Well, that depends, doesn’t it! It wouldn’t be a blog entry if there was a single word answer to the question.
What is a top level domain name?
Examples of top-level domains are argos.co.uk, argos.com etc. There used to be a handful of top level domains, in addition to country specific ones. These are .co.uk in the United Kingdom, the United States should technically be .co.us but that’s another story. They decided that theirs is .com and they’re sticking to it. Now though, there’s a whole raft of new top level domain names, everything from .car, info to .pet or .cat.
The end result is that you’ve got the potential to spend more than ever just buying domain names for your company. But do you need them?
It would surprise nobody to learn that huge multi-national companies like to own all variations to protect their branding. It could prove embarrassing if somebody put up a contradictory website on a similar top-level domain to fool people or badmouth the company.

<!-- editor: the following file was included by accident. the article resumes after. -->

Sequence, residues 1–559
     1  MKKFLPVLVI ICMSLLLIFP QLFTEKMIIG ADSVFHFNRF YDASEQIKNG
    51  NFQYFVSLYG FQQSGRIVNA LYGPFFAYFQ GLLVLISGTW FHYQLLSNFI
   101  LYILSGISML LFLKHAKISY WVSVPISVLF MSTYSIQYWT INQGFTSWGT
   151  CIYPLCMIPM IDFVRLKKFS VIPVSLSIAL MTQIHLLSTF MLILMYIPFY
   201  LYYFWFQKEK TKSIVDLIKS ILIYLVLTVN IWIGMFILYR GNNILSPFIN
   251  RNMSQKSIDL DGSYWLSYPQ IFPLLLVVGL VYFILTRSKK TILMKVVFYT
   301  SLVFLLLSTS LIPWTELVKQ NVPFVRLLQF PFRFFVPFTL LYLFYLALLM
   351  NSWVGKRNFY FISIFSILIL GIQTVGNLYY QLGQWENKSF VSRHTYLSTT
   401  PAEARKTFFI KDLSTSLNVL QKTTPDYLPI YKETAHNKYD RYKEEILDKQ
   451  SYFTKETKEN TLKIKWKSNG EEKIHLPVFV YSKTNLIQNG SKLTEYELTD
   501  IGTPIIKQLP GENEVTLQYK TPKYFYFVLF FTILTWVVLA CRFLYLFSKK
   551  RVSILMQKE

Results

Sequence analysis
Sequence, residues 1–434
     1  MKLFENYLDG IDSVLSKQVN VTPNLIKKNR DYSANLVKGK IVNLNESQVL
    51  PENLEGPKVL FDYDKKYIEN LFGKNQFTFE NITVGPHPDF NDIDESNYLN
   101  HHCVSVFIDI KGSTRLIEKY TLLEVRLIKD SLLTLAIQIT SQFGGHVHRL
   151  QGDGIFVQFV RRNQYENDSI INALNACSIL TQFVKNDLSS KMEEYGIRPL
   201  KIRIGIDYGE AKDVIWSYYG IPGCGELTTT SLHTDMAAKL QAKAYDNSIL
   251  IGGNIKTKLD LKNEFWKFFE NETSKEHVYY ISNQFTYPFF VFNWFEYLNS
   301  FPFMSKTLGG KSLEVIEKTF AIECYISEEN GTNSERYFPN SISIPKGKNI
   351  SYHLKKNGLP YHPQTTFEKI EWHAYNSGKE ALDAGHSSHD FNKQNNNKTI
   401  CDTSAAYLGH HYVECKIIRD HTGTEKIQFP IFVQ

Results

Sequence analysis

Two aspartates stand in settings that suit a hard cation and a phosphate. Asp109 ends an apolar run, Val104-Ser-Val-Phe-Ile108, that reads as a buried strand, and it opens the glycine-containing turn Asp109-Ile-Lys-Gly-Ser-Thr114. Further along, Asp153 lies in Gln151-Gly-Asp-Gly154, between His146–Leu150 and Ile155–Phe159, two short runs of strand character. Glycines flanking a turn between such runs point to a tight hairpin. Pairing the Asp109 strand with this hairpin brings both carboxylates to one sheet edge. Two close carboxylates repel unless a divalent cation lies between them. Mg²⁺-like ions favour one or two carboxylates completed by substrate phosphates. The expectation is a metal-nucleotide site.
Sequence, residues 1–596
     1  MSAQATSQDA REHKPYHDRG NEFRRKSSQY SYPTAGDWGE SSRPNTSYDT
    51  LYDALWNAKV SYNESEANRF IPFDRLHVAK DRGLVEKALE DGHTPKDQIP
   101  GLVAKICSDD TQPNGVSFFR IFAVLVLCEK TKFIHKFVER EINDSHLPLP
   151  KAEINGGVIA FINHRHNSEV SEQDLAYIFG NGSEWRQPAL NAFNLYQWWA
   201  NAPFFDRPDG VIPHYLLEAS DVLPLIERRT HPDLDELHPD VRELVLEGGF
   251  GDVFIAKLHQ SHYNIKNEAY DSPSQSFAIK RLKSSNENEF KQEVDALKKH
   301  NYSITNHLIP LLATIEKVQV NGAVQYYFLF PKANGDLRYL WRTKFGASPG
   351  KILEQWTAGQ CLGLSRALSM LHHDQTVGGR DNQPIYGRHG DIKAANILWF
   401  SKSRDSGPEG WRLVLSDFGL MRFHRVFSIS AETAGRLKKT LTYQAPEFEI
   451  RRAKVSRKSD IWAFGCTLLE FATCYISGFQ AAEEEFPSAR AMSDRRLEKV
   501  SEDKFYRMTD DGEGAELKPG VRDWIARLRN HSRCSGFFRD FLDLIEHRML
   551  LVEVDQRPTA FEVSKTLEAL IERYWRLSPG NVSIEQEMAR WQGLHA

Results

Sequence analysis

For this sort of reason, a larger company may want to buy some of the oddball top level domains to avoid trouble further down the line.
So do I need to buy lots of variations then?
The answer is different if you’re a small local cake shop, do you need to buy 20 different variations of your domain name? Unless you’ve got a really good specific reason, no. There’s no advantage to doing this unless you’ve got a different use case in mind for specific domain names (maybe an email marketing campaign landing page?).
We wary when you log into your domain admin panel and see that it’s only £5 to buy the .info version of your domain, ask yourself if you actually need it. Generally, your site will sit on one domain, if you buy additional ones they’ll just forward to the main one.
I personally once encountered a company that had an annual renewal fee of circa £4,000 for their domain names alone, that’s a recurring cost which could certainly have been better spent.
Circling back to the original question about if you should buy a load of domain variations or top level domains, ask yourself what you want to do with them or why you need them. If you’re not sure, the answer is probably no.